In March 1906, just over a year before the first construction work truly began on the Suburb's first houses, Henrietta Barnett wrote a letter to the Times newspaper, in which she declared:
"Today it has been my great pleasure to attend a committee meeting when the prospectus of the Hampstead Garden Suburb Trust (Limited) was signed by the president Mr Alfred Lyttelton, and by the five directors, Mr Frank Debenham, Sir Robert Hunter, Mr Herbert Marnham, Mr Henry Vivian, M.P., and myself, and under this guidance the one-year-old child has been launched into this troublous but appreciating world."
Details of the finances that had at that time been raised are given, and Henrietta's letter contains not just a rallying cry but her trademark turns of phrase and wit, which were to prove instrumental in selling her dream to the investors and "such mundane but necessary people"(!) as solicitors, bankers, auditors, secretaries, and surveyors who would be required to see it through to completion.
Twelve months earlier, a similar letter had been published which detailed the four goals of the nascent Garden Suburb Trust. Those aims were:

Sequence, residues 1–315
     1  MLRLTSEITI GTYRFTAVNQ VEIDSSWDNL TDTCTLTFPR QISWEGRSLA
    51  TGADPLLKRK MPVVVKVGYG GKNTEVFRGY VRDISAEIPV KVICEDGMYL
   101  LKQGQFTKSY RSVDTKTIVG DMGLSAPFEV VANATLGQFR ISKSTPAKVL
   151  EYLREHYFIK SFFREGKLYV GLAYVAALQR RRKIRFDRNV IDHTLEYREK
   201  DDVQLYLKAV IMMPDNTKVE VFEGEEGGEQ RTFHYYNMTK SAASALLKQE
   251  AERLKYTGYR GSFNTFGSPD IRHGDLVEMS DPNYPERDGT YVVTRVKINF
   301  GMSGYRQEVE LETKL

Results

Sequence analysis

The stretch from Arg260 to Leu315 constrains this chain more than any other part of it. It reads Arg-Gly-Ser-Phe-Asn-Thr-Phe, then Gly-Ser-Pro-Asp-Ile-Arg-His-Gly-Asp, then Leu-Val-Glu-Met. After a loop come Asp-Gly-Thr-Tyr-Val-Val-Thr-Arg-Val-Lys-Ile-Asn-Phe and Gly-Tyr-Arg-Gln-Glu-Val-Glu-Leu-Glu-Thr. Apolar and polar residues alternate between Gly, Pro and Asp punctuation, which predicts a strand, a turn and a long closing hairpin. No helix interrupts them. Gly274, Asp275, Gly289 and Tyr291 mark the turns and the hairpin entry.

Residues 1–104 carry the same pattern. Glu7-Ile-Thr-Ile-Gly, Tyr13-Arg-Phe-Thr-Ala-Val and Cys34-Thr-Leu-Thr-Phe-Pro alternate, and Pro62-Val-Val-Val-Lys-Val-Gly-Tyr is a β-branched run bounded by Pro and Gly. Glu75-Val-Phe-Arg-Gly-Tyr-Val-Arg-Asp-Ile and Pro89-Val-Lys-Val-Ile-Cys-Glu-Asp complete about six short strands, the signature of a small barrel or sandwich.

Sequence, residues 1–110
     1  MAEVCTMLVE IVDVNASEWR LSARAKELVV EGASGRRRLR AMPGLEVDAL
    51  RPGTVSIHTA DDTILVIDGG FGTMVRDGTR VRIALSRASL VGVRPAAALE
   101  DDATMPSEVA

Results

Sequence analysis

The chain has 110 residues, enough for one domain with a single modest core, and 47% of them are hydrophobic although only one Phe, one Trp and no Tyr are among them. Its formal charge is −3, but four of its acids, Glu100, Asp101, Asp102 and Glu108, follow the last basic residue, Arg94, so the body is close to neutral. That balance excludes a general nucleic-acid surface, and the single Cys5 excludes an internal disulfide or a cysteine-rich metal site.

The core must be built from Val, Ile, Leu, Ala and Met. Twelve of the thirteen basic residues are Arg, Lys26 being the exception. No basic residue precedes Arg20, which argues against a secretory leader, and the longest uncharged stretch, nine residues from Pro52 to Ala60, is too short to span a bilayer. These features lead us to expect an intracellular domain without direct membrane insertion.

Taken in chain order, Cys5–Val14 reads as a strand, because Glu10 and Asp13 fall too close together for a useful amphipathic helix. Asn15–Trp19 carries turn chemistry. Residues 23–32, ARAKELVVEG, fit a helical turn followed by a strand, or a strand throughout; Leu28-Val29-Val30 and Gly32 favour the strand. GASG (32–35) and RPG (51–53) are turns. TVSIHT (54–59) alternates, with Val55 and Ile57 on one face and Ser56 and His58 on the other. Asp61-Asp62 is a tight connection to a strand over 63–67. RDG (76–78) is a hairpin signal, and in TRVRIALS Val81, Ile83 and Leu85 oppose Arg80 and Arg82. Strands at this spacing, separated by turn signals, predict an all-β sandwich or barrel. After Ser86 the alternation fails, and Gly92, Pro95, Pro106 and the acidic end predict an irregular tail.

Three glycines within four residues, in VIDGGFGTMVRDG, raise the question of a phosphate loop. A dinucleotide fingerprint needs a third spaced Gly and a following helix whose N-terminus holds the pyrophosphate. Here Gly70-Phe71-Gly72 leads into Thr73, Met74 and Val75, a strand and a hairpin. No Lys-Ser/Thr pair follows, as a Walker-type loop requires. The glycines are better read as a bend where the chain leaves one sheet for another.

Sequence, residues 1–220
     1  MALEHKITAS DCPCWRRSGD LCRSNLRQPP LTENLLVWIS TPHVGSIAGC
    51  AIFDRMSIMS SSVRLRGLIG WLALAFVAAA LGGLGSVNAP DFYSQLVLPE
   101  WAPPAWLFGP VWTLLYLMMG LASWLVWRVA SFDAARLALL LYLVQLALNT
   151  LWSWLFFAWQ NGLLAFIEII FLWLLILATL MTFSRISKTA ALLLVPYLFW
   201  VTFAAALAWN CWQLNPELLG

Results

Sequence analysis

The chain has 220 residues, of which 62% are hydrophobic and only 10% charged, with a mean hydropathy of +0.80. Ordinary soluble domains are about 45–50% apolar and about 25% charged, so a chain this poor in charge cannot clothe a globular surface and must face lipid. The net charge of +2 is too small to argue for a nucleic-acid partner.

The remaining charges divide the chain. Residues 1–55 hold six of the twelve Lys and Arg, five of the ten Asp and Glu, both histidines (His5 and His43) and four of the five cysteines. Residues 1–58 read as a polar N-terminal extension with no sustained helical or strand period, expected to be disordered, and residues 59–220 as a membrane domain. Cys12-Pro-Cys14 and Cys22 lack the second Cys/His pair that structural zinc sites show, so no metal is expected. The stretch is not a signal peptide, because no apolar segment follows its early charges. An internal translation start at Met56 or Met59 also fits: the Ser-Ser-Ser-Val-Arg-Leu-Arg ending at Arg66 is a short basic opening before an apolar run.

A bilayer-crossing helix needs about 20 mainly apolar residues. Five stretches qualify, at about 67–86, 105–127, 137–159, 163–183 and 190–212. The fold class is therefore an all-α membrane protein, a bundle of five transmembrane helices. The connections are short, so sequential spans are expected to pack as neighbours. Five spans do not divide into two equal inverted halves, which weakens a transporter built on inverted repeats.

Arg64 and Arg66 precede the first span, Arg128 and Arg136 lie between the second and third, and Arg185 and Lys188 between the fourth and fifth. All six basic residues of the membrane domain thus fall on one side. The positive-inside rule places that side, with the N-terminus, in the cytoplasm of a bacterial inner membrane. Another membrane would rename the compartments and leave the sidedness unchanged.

Henrietta continued: "My much-enjoyed duties as honorary secretary are thus completed; the reins are taken now by abler hands than mine, and I am full of hope for the whole scheme, rich as it is in social promise and civic possibilities."
"For years … 'the cry of the children' … has sounded in my ears … and as I hold that women’s chief duty is to be 'home-makers,' it is good and gladdening to me to feel that engardened homes will soon be provided within a 2d. fare of Charing Cross for children whose laughter is as music to the gods."
The Suburb in a c.1911 postcard showing the "engardened homes" soon to be provided - Source: HGS Heritage
She closed her letter by asking readers of the Times to invest, and help raise further capital, and declaring her title as having progressed from "the one-time honorary secretary of the trust and now a director of the new company."
Source: The Times, Monday 12 March 1906, p3.